High Mountain Heli Skiing: Avalanche Safety Gear
We all love the mountains, and most of us can trace some of the best times of our lives to sliding down the sides of them. On one plank or two it doesn’t matter, what does is getting out there and enjoying oneself. Off-piste skiing does have the potential to put people in dangerous situations, but only when the correct equipment, training, and actions have not been professionally regarded – and we are in control of all of these.
Avalanches are perhaps the greatest worry to first-time heli-skiers. Images of massive class five avalanches can be seen from behind your computer, but in reality avalanches of this sort are rare. At Last Frontier Heli Skiing we provide ABS airbags to every client. We also educate them about the actual risks of avalanches, and the best ways to minimize them. Providing rescue training with the basic three pieces of kit: the Avalanche transceiver, probe, and shovel is mandatory with us, and potentially life saving. Here we’ll describe the basic functions of each piece of equipment.
The Avalanche Transceiver
Avalanche transceivers, also known as beacons, beepers, or PIEPS (the name of a popular brand) are small radio beacons that operate in two modes. The first mode is called transmit. When functioning in this mode the transceiver sends out a radio signal up to a range of around 40 meters, depending on the manufacturer. This is how the transceivers are set when skiing. The next function is the receive mode. In the unlikely event of one of the party being caught in an avalanche, the rest of the group can switch their transceivers to receive, then easily and effectively home in on the unfortunate member, within minutes. A little practice with a transceiver is essential before heading into backcountry, but all are very intuitive and easy to use, especially the Mammut BarryVox models that we have here in BC.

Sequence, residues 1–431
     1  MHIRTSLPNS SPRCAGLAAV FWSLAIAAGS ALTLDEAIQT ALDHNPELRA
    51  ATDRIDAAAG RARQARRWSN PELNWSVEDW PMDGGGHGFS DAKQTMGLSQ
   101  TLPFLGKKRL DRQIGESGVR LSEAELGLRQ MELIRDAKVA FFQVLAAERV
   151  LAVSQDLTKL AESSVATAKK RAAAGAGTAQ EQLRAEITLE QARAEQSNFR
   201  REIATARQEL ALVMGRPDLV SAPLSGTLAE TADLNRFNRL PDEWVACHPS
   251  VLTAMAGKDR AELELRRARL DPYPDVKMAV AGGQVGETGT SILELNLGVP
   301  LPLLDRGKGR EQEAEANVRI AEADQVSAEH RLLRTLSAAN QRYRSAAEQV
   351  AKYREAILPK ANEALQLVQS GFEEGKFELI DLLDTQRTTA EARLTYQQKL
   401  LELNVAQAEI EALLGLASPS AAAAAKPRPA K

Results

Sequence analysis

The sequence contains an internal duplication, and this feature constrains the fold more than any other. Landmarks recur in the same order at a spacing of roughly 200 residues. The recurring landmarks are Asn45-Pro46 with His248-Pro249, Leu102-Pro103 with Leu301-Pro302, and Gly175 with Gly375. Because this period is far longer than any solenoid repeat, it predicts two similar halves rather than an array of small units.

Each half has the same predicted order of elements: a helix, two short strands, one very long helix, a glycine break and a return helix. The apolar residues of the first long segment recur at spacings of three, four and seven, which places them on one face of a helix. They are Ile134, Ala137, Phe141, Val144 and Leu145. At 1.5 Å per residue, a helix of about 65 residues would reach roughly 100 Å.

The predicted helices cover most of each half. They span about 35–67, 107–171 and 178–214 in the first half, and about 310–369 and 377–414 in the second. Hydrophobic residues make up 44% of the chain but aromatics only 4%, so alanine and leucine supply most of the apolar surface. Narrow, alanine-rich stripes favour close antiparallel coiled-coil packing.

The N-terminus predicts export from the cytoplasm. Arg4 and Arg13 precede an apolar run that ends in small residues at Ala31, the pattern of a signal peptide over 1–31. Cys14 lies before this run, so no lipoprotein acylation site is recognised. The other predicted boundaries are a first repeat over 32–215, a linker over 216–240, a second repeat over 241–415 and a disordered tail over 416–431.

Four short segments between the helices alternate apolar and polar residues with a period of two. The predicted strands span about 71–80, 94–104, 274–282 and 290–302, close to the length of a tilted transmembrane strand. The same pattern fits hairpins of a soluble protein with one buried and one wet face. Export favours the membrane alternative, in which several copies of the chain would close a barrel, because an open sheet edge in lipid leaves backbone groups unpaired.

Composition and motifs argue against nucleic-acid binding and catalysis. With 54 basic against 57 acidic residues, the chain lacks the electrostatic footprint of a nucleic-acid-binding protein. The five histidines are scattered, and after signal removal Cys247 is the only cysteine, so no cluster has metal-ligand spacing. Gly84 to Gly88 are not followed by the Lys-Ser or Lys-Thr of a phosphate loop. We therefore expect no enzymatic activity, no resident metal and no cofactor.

The probe is the second essential piece of kit needed for off-piste skiing. It is basically a collapsible rod, usually made out of some strong, light material, such as titanium, similar in appearance to a camping tent pole. Probes come in an array of lengths, most commonly around 2 meters. The probe is used to locate the exact position of the person, and their depth under the snow once located with the avalanche transceiver.
Lastly, but of great importance, is the shovel. Often lightweight, with a detachable handle, the shovel is vital for efficiently removing snow and debris. A good technique for avalanche rescue is to dig at a diagonal angle, towards the position of the person, from below. This eliminates additional snow falling into the hole you have already made, and uses gravity to assist your digging.
No backcountry heliski tour or snowboard expedition should leave without these vital pieces of safety equipment, or the knowledge of how to use them. Although we give full training on the use of the transceiver, probe, and shovel, nothing can beat prior hands on experience, and an avalanche safety course is the place to get that.
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